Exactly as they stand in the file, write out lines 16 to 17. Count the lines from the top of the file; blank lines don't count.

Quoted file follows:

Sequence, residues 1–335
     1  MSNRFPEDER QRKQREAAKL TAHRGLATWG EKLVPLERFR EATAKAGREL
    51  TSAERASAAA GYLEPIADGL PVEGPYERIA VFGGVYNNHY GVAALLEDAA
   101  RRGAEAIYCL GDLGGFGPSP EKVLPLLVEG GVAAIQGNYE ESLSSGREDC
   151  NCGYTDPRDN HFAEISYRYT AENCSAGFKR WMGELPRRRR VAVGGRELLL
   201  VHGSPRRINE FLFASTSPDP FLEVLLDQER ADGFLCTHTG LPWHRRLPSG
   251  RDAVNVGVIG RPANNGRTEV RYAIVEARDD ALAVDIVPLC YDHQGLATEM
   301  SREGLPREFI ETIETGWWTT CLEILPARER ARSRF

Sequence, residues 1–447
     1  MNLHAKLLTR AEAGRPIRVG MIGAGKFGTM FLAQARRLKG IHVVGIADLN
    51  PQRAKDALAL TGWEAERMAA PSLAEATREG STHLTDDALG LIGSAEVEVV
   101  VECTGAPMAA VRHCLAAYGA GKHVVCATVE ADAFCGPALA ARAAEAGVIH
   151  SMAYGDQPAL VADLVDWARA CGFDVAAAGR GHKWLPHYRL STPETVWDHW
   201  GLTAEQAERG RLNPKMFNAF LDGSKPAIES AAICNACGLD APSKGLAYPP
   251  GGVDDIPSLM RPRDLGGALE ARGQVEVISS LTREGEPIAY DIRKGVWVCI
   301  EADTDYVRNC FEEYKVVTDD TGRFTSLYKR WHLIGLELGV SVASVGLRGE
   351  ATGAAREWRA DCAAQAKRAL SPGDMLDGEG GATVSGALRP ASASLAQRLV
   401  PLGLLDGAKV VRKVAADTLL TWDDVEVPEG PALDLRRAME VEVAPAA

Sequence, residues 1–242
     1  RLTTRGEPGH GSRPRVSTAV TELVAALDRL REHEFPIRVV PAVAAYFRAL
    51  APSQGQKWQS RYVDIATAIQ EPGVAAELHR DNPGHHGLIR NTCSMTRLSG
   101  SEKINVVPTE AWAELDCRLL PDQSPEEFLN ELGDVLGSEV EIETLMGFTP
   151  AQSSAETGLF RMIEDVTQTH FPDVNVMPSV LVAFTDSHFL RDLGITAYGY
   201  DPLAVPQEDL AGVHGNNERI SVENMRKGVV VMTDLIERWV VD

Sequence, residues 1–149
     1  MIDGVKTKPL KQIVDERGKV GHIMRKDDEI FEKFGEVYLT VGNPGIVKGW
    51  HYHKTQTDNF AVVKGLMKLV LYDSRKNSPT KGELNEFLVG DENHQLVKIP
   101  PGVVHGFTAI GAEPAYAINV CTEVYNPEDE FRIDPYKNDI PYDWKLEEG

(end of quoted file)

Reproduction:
   301  EADTDYVRNC FEEYKVVTDD TGRFTSLYKR WHLIGLELGV SVASVGLRGE
   351  ATGAAREWRA DCAAQAKRAL SPGDMLDGEG GATVSGALRP ASASLAQRLV